“Need some help with that?”
“Yeah, Daddy. We can’t lift the head high enough,” Leila said.
“Well, I think I can manage that,” Leonard told them, and he knelt down for the snowman’s head. He hoisted it into place and patted some snow to secure it.
“He looks great!” Leila said.
“Yes, he does,” her father agreed.
The family basked in their joy for another minute. Then there was a sound, and happiness turned to horror.
* * *
Peter popped his head in the door.
“Leila! Get your coat and come look at it!”
Leila hadn’t been too eager about snowmen for a long time, but her new husband had gleefully gone out after the first good snowfall and built one. She put on her coat, determined to make the best of it.
“Very nice, Peter,” she said.
Rather than a hat, Peter had used a pair of earmuffs on the snowman’s head. Two red reflectors made for a disturbing pair of eyes, and a line of small rocks made the snowman seem entirely too pleased.
“And now for the finishing touch,” Peter said, brandishing a carrot from his coat pocket.
Leila put her hands over her eyes and turned away with a shriek.
“What?” Peter asked. “It’s not our last carrot, if that’s what you’re worried about.” He realized she was sobbing. Still, he was half-focused on finishing his snowman; he quickly stuck the carrot in the snowman’s face and then went over to Leila.
“I’m sorry,” she said. “It’s just like when I was a kid and the horrible thing happened.”
“What horrible thing? With a snowman?”
She nodded and tried to control her breathing and her tears.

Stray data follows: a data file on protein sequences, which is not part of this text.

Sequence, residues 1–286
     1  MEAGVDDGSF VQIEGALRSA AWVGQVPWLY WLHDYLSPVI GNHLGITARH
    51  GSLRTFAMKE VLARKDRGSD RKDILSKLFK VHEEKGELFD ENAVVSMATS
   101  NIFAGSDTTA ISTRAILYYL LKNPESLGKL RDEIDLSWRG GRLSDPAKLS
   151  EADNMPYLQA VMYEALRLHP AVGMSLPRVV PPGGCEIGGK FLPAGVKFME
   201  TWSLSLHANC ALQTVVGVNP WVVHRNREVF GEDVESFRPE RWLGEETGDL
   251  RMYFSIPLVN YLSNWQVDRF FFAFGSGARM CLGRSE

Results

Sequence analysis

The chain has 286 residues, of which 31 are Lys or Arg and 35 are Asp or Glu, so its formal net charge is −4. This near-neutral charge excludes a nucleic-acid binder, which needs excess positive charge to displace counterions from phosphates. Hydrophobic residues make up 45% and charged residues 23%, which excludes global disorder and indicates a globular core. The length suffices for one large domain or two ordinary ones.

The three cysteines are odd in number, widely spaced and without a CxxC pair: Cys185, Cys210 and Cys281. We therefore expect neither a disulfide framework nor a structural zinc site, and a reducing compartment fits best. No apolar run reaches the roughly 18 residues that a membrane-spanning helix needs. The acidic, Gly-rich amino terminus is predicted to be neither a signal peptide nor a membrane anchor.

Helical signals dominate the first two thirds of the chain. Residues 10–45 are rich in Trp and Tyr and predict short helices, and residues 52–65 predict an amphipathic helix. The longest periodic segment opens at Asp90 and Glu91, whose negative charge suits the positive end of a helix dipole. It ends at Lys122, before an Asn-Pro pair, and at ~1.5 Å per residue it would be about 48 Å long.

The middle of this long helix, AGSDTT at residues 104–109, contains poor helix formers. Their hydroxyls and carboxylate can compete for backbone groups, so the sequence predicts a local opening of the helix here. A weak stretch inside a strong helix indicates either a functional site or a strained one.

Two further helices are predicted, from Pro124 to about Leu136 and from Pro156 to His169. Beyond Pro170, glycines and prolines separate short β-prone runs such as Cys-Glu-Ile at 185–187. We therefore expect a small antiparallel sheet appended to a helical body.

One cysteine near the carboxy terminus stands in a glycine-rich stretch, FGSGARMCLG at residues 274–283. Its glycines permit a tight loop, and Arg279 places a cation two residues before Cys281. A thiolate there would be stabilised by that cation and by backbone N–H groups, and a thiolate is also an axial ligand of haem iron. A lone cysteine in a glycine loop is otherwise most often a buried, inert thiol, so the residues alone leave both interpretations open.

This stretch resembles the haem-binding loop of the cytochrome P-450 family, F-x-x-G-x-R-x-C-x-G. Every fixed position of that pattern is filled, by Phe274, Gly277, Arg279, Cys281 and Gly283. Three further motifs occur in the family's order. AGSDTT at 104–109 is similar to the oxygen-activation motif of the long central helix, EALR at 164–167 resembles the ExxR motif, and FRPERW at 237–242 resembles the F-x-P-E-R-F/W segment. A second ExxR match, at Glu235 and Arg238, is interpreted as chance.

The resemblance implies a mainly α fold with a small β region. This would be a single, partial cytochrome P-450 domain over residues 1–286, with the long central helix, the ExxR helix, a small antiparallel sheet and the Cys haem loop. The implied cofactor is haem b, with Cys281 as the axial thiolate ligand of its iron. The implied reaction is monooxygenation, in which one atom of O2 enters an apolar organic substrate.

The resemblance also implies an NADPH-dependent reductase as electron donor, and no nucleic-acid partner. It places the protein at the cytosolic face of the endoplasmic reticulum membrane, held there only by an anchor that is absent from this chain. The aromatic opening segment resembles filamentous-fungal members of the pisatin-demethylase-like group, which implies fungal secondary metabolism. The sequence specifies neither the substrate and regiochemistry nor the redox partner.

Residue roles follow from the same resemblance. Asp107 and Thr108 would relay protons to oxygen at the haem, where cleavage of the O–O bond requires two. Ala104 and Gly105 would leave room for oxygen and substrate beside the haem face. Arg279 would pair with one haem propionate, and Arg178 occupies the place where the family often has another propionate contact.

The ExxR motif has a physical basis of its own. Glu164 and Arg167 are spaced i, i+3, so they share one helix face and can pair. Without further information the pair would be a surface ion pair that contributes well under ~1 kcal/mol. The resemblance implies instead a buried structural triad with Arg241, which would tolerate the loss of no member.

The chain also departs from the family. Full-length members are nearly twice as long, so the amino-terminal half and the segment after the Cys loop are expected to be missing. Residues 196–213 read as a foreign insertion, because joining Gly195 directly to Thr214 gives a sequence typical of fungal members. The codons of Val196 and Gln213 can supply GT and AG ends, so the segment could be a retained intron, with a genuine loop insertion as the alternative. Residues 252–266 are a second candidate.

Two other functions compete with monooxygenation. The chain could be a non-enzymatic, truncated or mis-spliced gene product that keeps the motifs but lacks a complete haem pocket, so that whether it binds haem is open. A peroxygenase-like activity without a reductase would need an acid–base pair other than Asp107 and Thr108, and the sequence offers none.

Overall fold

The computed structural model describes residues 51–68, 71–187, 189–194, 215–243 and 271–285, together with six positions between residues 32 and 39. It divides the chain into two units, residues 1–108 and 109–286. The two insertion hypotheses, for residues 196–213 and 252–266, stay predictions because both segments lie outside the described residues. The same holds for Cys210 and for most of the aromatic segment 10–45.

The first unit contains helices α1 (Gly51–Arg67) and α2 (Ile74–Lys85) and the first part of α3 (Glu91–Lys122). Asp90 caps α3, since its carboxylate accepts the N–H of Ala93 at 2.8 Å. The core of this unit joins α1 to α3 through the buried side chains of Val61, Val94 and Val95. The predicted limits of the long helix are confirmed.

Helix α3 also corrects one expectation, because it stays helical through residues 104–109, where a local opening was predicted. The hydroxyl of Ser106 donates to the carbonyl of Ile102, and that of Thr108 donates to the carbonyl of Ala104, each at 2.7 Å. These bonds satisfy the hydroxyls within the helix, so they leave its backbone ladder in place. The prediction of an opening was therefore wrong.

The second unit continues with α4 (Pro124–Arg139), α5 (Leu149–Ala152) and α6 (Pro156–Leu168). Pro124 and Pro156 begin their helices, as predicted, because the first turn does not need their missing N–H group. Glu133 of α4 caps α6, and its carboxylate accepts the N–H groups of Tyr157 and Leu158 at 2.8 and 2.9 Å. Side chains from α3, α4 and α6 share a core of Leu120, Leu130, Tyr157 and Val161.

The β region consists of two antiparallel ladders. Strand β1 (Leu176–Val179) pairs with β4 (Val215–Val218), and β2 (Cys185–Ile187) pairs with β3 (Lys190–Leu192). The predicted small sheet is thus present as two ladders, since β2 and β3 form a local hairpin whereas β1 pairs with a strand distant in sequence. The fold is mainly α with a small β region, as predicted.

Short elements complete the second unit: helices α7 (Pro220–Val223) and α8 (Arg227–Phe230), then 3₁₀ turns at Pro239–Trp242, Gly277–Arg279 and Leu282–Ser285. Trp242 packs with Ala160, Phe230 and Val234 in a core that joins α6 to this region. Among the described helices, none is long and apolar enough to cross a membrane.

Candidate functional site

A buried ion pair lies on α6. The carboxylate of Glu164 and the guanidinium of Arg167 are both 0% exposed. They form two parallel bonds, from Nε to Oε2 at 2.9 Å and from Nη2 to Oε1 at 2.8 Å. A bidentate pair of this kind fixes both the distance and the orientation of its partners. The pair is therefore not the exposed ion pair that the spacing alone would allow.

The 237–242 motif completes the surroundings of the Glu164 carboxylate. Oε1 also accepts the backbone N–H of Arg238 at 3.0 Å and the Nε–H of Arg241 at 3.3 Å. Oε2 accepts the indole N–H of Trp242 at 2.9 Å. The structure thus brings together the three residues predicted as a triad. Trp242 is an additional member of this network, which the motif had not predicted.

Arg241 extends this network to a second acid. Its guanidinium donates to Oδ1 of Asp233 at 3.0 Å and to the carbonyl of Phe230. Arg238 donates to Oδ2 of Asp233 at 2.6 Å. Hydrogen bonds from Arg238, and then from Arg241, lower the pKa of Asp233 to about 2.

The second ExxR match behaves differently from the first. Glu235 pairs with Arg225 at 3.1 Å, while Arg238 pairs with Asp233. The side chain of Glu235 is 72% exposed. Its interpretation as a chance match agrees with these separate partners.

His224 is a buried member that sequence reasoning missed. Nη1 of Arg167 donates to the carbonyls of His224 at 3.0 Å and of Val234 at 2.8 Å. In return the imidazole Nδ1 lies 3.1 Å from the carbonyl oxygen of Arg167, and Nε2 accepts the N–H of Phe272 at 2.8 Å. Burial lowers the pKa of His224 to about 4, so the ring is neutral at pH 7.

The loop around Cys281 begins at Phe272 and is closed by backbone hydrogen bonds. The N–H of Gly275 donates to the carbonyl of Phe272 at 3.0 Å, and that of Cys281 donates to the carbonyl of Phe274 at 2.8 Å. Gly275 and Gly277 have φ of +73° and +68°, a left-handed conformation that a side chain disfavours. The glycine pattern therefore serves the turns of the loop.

“When I was nine, Leo and I made a snowman. My dad came out to help and pulled a carrot out of his pocked just like you did. He put it on the snowman and …”
“And what, honey?”
“Something started eating the carrot from inside the snowman’s head.”
Peter stared at her for a moment.
“Come again?” he asked.
She glared at him through tear-filled eyes, daring him to make fun of her.
“Something … ate the carrot … from inside … our snowman’s head.”
“What ate the carrot?”
She shook her head. “We don’t know. Leo ran in the house; he was only four and it terrified him. Dad and I just watched as the carrot … was pulled into the snowman’s head a little at a time as it was devoured. When it was done, Dad pushed the snowman’s head to the ground and stomped on it, but there was nothing there. We never knew what ate the carrot.”
Peter believed Leila to be as level-headed as anyone he had ever known, and she was obviously reliving a traumatic memory. Still…
“Something ate the snowman’s nose from inside the head,” he repeated, just to hear it once more.
“Yes,” she said, wiping her tears on her mittens.
“That’s something you don’t see every day.”
“No, it isn’t. I’ve never heard or read about it happening to anyone else. Of course, we’ve kept quiet about it for almost twenty years. Dad and Leo and I don’t even talk about it among ourselves. We think Mom believes us; she puts up a good act if she doesn’t. But who would report such a thing? Who would want to tell the police or a reporter such a wild story? I know it’s crazy, but I saw it.”
Peter heard something and looked over at his snowman. He blinked.
“Um … Leila?”
She looked at the snowman, too, and screamed.
The carrot nose was slowly being pulled inside, and they could hear the sound of powerful jaws chewing it up.